So ASIC’s move is good news for the industry?
It’s definitely ensuring that there’s more awareness out there in terms of someone saying to you, “You should buy an investment property â€“ you can afford it, you just need to buy it through your super fund.” That sort of conversation is simply unacceptable without obviously taking into account the personal circumstances of the individual but also being licensed to provide that kind of advice. So we’re pleased about seeing regulation in that space.
Would you say SMSFs have been an easy target?
It’s definitely the fastest growing space. And some might say rightly so, because there are a lot of people who want control of their own destiny and an SMSF can be a reasonable vehicle for that control. So we’re seeing a lot of people take an interest in that area. And secondly we’re seeing a lot of people take an interest in property as an investment option. But what we want to see less of is the spruiking going on from people who don’t know what they’re talking about when they’re not qualified or licensed to do so.
It’s scary isn’t it? So there’s currently no regulation whatsoever?
Zero regulation. What can happen in an SMSF sense is that if the fund is set up through an accountant or financial planner and the trustees of the self-managed super fund are saying they’re considering property as an investment option, then they’ve really got two options â€“ they can go in through what’s known as a real estate investment trust (REIT) and that’s a structured way of investing, it’s a managed scheme. Whereas you can also go into direct property where you control the asset yourself â€“ and that’s the area that has sales agents and developers and marketeers salivating about how to move their development stock and their properties that they’re building out in the broader marketplace.
How can consumers protect themselves from these kind of unscrupulous operators?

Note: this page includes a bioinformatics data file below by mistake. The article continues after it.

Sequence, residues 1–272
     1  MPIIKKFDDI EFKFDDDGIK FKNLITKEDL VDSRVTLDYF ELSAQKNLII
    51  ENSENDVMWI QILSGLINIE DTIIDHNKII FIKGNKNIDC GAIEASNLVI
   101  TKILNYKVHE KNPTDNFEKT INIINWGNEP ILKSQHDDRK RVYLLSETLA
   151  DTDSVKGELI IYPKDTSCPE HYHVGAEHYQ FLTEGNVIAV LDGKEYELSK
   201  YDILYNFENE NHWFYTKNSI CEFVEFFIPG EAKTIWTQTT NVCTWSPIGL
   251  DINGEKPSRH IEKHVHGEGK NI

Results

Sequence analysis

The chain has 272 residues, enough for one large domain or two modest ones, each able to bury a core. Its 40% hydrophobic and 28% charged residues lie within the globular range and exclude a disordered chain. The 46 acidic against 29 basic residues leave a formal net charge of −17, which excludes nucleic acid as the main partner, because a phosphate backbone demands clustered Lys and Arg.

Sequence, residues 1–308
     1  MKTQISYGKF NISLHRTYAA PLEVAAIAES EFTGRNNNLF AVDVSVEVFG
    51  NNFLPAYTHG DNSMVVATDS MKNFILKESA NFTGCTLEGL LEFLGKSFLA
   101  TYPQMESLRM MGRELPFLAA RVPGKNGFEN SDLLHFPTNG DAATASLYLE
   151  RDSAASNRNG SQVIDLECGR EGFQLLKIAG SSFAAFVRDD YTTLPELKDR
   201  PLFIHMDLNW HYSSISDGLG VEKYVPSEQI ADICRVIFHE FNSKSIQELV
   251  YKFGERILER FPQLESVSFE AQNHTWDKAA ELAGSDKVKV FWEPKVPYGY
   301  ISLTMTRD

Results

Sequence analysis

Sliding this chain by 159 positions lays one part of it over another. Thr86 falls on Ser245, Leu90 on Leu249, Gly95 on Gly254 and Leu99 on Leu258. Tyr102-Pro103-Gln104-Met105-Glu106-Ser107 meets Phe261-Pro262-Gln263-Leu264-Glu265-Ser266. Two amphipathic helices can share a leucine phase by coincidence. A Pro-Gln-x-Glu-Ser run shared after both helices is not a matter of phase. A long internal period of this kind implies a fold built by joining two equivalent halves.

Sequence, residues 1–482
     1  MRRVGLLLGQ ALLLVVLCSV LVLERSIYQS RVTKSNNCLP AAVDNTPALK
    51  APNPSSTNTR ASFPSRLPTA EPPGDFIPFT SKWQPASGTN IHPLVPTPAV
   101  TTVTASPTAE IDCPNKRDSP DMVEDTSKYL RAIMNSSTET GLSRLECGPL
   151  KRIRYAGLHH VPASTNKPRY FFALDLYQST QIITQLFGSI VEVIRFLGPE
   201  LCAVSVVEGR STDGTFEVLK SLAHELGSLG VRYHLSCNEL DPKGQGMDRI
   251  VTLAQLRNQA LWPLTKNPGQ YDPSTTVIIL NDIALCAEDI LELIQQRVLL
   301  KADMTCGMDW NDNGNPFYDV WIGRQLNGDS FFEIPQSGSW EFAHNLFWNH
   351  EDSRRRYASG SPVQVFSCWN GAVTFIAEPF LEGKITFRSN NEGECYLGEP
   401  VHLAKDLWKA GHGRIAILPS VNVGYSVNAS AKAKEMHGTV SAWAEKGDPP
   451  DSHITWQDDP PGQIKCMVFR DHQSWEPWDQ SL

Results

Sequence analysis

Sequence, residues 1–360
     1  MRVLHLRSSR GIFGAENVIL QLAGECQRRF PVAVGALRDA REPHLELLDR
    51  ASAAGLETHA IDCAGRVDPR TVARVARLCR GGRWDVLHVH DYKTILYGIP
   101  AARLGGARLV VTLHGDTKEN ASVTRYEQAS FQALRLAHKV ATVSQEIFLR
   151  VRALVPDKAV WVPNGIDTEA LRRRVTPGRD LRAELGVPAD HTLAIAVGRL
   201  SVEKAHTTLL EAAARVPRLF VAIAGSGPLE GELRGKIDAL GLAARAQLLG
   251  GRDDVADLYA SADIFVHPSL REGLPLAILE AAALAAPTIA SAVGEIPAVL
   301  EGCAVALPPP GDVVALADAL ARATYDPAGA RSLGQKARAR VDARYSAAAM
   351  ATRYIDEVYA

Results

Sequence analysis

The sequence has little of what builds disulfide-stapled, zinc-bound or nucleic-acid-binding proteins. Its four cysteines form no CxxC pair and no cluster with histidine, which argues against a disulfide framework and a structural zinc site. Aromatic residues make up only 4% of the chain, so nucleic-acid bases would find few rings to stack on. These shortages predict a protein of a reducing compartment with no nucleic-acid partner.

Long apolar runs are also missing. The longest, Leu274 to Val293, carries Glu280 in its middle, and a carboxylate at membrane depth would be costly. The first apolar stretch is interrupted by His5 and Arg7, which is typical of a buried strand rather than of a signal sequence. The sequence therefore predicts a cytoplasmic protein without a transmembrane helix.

Education is key. One of the best ways to know whether you’re dealing with a legitimate operator is to actually ask them â€“ what qualifications do you have to give property investment advice?
Inside the association we offer a Qualified Property Investment Adviser course so you can become a QPIA, which is in line with the services that financial planners provide but it’s property-specific so it’s tailored for people who are looking to advise their clients in buying residential or even commercial property.
So firstly, look for a qualification rather than just a good talker in a suit. And the other question to ask is â€“ how are you getting paid? One of the key components of disclosure will determine in whose interests the adviser is working. And we’ve got to be careful who we’re calling an ‘adviser’ because there are a lot of property companies out there who promote “free education” or “let us come out to your home and in a 2Â½ hour session we’ll educate you on how to invest in property” and that’s simply not education. That’s ‘tailored selling’ â€“ they’re there to flog a property.
“Education is key. One of the best ways to know whether you’re dealing with a legitimate operator is to actually ask them â€“ what qualifications do you have to give property investment advice?”
From PIPA’s point of view, we do have people who work on a fee-per-service arrangement and we also have people who work on commission arrangements and that’s OK â€“ we just have a strict code of conduct that says that our members must disclose how they’re being paid. So that disclosure is not only the commissions that they may generate from the direct sale to the consumer but also any kickbacks or soft-dollar payments they are receiving through referral agents to get the sale under way. Being an unregulated marketplace we sort of self-govern through the association to try and ensure there is some consumer protection there.
It’s crazy that the government hasn’t regulated this area â€“ it means the majority of genuine property professionals are let down by the few dodgy dealers out there…